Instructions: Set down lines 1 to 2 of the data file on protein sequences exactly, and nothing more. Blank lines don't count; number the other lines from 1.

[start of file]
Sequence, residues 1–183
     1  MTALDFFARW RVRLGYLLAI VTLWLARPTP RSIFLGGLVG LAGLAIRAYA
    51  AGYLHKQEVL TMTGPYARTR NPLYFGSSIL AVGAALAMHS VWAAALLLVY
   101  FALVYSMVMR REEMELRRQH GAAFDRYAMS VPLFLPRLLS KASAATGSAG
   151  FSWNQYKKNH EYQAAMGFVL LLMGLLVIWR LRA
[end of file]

Sequence, residues 1–183
     1  MTALDFFARW RVRLGYLLAI VTLWLARPTP RSIFLGGLVG LAGLAIRAYA